County Cricket Matters Issue 12Martin Chandler |
Author: Chave, Annie (Editor)
Publisher: County Cricket Matters
Rating: 5 stars
In these days of massive ECB support for the less than universally popular 16.4, the pyrotechnics of Bazball and the end of the second Elizabethan Age there is little that is certain in life but, after twelve quarterly issues all appearing bang on time, we can say for sure that County Cricket Matters has become a beacon of stability, fighting the corner of the forms of the game we all love and entertaining us at the same time.
As has become the norm Annie’s editorial is followed by an interview, and the subject of that in CCM12 is the legendary West Indian fast bowler Michael Holding. Not unnaturally that impassioned plea of Holding’s from the unsettled summer of 2020 is covered, as are Holding’s years in county cricket and his views on the subject now. Not everything Holding says will find favour with CCM’s readership, but we cannot ignore the views of a man who has without doubt fully earned the respect he now commands.
The other two ‘big beasts’ who contribute to CCM12 are Vic Marks and David Lloyd. Marks is one of my favourite writers, engaging and entertaining and a man whose prose is quite unlike that of anyone else. Sometimes reading even the best writers can be hard work, but with Marks I always feel that I am not reading at all, more that I am sat in the pub with him listening to what he has to say. On this occasion Marks holds court on the differences between professional cricket as played in the third decade of the 21st century, and back in the 1970s and 1980s when he plied his trade on the field.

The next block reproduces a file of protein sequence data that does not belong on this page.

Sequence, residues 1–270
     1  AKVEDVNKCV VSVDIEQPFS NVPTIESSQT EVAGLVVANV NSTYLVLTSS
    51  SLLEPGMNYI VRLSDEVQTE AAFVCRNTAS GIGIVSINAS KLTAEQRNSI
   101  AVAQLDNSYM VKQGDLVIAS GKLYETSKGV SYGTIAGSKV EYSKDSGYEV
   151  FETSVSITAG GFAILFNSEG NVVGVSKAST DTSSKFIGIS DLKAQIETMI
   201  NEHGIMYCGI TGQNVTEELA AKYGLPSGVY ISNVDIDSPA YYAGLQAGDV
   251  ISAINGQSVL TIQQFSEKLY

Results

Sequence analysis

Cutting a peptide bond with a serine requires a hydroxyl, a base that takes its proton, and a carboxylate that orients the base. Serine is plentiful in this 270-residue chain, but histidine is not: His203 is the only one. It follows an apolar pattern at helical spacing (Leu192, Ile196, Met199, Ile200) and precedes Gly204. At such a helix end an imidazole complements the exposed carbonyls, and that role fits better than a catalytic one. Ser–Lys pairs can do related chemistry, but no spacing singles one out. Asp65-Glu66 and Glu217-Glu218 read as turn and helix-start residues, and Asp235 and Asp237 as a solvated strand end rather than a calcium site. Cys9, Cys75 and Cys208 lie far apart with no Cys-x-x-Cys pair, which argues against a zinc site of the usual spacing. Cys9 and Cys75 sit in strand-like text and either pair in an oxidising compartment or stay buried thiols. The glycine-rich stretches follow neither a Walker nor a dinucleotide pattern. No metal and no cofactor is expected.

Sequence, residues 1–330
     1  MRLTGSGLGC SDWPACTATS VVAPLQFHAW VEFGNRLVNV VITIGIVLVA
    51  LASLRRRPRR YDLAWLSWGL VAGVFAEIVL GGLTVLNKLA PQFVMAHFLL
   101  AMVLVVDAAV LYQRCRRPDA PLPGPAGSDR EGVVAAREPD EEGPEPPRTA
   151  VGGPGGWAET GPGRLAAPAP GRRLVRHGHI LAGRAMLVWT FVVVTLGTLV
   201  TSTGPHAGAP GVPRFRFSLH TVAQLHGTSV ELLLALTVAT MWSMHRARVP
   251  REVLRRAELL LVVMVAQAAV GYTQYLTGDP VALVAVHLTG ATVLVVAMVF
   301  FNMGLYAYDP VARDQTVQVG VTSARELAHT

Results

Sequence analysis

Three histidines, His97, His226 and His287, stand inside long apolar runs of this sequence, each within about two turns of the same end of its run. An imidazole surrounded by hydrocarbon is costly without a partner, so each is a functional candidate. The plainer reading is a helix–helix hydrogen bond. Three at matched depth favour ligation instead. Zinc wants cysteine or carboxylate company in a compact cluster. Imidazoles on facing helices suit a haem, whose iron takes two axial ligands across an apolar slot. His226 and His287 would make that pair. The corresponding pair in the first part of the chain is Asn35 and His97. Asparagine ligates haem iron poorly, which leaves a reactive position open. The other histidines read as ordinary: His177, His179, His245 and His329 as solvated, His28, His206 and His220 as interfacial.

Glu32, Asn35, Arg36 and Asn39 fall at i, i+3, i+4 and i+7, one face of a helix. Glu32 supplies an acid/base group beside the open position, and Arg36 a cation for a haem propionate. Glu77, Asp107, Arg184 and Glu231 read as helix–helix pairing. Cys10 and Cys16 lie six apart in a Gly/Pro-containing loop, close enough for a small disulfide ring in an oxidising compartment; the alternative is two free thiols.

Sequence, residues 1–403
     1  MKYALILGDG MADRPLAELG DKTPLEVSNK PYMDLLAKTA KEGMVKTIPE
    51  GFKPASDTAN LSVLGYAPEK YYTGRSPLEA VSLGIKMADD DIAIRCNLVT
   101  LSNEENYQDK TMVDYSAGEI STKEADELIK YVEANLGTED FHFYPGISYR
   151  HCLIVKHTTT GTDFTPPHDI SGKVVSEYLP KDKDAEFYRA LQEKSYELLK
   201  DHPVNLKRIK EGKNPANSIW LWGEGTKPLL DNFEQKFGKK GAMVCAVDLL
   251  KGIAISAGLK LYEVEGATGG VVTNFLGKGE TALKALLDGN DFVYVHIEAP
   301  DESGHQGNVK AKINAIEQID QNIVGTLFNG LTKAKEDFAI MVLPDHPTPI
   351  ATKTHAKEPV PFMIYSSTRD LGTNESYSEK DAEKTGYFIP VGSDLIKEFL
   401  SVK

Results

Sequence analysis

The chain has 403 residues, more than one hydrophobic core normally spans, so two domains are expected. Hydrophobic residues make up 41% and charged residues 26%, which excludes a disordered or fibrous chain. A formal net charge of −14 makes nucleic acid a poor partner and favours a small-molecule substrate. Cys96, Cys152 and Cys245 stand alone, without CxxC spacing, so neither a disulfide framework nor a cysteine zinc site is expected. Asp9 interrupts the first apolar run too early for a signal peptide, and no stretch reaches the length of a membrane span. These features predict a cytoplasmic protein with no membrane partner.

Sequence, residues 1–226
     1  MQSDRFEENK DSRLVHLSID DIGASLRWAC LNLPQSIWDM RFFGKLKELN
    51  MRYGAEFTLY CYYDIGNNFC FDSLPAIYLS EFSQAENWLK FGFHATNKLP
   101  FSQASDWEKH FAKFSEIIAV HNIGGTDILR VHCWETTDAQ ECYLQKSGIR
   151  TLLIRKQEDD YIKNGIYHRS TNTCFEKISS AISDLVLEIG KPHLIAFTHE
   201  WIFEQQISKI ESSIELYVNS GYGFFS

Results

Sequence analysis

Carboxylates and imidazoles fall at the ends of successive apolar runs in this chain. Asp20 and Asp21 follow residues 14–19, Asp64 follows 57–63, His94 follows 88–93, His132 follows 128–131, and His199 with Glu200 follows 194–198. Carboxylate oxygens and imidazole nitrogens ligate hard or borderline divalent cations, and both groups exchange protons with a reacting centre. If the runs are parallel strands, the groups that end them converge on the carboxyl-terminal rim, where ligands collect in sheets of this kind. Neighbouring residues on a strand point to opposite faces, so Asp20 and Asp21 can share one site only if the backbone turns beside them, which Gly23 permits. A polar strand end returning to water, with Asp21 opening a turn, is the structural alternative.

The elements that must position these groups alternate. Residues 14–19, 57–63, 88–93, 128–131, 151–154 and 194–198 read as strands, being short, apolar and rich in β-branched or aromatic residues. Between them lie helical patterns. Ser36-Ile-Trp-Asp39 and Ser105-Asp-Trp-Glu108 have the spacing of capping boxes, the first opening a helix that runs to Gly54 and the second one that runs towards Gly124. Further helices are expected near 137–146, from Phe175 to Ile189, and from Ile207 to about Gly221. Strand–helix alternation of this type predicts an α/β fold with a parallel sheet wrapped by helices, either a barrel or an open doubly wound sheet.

As for ‘Bumble’ I have to say that the fact that I know he loves the county game does not make his views on its future any more appealing, although worst of all is the fact that he is probably right. On the plus side he at least sees a future for eighteen counties, and I for one am rapidly approaching a stage where I will be content with anything that preserves that, even if we do have to put up with three divisions and only ten red ball matches each summer.
Anyone put in a sombre mood by the advice of Messrs Lloyd and Holding would do well to turn straight to Dan Whiting’s contribution, The Streaming Revolution. For obvious reasons interest in the County Championship has never, except perhaps in the late 1940s, been capable of being measured by the number of spectators who actually attend matches. Now that it is possible to watch any of the matches from anywhere that has an internet connection the true level of interest in the county game is becoming clear.
A further cause for optimism is the piece by student journalist Oliver Lawrie. The subject of this is Luke Hollman, a man who I must admit I had to look up on www.cricketarchive.com. He has just turned 22, and over the last two summers has made a promising start to his career with Middlesex. An all-rounder who has done well across all formats it turns out Hollman is a red ball enthusiast, so amen to that.
Player profiles are always welcome, and there are two in CCM12, all the better because they are not of ‘the usual suspects’. The first is a look at the short career of a Yorkshireman who, besides enjoying a long career in academia, played 16 times as an amateur for Gloucestershire between 1936 and 1938. The writer is my fellow Redingsensian Dennis Butts, who could do a lot worse than turn his article into a much fuller monograph on the subject of a man he clearly knew well.
Ken Suttle of Sussex made almost forty times as many as First Class appearances as Tyler, and toured the West Indies in 1953/54 without ever playing a Test. Suttle I did know something of, but the distinctly shabby way in which he was treated by his county at the end of his career was not something I knew of. As with Tyler a much longer look at Suttle would be welcome, and perhaps the Sussex Museum might get in touch with writer Ollie Park?